Gill says The Difference is aimed at teachers like that head who are prepared to think beyond the boundaries of school to help their students.
The programme is currently looking for its first team of recruits and is organising a conference in January called IncludEd to help drum up interest and spread best practice.
The Difference is focused on training senior leaders because, as Gill puts it, “it’s leaders who lead positive change” and who can make the most difference in changing lives.
“If a school leader arrives in a school as a head and sets the culture, it can radically change how all children, parents and staff feel,” she says.
“We’re not just recruiting more brilliant people to work in those schools. We’re asking a really elite cohort of really exceptional teachers to go into those schools and work alongside colleagues, learn from them, but also then to take that learning back into mainstream to support those learners who might have undisclosed traumas, support other teachers, and – ultimately – reduce the likelihood of school exclusion.”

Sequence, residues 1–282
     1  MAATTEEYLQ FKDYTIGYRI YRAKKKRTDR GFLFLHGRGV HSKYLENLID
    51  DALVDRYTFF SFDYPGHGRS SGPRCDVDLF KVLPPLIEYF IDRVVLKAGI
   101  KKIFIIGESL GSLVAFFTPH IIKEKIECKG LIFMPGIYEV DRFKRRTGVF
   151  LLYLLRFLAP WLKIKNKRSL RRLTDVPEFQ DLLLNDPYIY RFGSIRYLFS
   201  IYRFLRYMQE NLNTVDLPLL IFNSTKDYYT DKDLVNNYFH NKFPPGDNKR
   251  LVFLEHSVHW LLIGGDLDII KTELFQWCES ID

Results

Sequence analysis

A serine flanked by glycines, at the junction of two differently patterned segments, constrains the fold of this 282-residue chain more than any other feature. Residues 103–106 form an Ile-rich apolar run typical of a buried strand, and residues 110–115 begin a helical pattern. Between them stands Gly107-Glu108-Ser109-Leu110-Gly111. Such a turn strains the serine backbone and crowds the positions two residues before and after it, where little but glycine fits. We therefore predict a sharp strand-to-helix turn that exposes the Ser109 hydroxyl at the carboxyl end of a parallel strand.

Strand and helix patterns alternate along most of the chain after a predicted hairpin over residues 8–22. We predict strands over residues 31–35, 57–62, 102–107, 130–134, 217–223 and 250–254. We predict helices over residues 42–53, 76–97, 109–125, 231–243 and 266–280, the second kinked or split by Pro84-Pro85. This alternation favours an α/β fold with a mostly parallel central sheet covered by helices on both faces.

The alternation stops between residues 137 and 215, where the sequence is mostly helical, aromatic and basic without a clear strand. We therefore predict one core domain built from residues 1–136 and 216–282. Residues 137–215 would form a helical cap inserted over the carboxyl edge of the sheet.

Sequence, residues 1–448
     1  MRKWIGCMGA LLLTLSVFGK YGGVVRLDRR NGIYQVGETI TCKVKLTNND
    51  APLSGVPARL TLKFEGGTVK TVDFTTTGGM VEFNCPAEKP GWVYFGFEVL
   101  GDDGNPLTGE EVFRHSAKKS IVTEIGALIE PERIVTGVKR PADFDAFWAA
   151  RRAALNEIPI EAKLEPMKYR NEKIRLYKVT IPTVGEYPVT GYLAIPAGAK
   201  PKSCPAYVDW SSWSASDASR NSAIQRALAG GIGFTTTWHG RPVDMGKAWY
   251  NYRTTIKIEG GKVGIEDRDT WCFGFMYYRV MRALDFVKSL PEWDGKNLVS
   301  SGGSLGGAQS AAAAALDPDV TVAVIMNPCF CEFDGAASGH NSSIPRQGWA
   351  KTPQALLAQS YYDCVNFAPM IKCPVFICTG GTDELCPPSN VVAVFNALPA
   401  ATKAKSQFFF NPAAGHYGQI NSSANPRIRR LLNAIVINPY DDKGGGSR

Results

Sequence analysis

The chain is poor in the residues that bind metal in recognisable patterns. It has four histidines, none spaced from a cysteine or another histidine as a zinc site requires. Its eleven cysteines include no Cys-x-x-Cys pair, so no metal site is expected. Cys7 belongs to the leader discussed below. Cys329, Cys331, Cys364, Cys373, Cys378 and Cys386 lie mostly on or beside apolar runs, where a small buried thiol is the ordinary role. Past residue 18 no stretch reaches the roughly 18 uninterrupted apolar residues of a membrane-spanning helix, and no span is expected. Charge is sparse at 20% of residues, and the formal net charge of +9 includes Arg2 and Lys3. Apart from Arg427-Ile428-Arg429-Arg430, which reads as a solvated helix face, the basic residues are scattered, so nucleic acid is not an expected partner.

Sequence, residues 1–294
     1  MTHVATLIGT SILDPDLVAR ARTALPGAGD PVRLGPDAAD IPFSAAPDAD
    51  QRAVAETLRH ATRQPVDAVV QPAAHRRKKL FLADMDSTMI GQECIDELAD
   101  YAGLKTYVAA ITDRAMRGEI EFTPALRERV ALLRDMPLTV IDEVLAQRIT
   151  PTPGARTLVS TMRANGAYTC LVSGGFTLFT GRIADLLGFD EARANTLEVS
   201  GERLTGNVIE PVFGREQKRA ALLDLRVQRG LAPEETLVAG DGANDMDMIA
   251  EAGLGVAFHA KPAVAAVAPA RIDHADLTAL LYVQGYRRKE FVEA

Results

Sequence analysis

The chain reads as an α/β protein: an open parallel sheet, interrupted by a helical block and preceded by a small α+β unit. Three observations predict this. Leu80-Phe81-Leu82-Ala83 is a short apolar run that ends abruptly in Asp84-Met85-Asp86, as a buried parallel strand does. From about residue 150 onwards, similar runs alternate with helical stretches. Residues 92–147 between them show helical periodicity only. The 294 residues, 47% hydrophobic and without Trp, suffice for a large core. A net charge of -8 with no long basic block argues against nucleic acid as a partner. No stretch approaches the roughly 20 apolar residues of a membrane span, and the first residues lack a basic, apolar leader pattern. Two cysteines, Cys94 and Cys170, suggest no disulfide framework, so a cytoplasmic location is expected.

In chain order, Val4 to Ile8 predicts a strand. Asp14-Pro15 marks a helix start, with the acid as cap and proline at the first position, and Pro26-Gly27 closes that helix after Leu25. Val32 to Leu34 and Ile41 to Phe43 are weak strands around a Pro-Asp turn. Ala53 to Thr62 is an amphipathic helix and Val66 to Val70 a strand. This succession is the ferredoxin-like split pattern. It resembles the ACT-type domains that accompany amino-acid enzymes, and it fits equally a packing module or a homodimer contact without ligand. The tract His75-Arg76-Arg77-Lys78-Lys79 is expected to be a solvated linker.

The Difference runs a programme which develops leaders through a two-year leadership placement in a PRU; Vicky will be telling her story at the IncludED conference 2019, in partnership with Tes. Tickets available now.
Kiran Gill CV
Jan 2017-present: The Difference, founder
Jan 2017-present: The Institute for Public Policy Research, associate fellow
2016: Social Mobility Commission, head of policy vocational and higher education
2015-present: Freelancer for Isos Partnership, Education Development Trust, Save the Children, policy consultant
2014-15: Teach First, policy adviser
2014: Department for Education, Teach First policy consultant
2013-14: King Solomon’s Academy, deputy head of English
2010-13: Bethnal Green Academy, whole school literacy leader; English teacher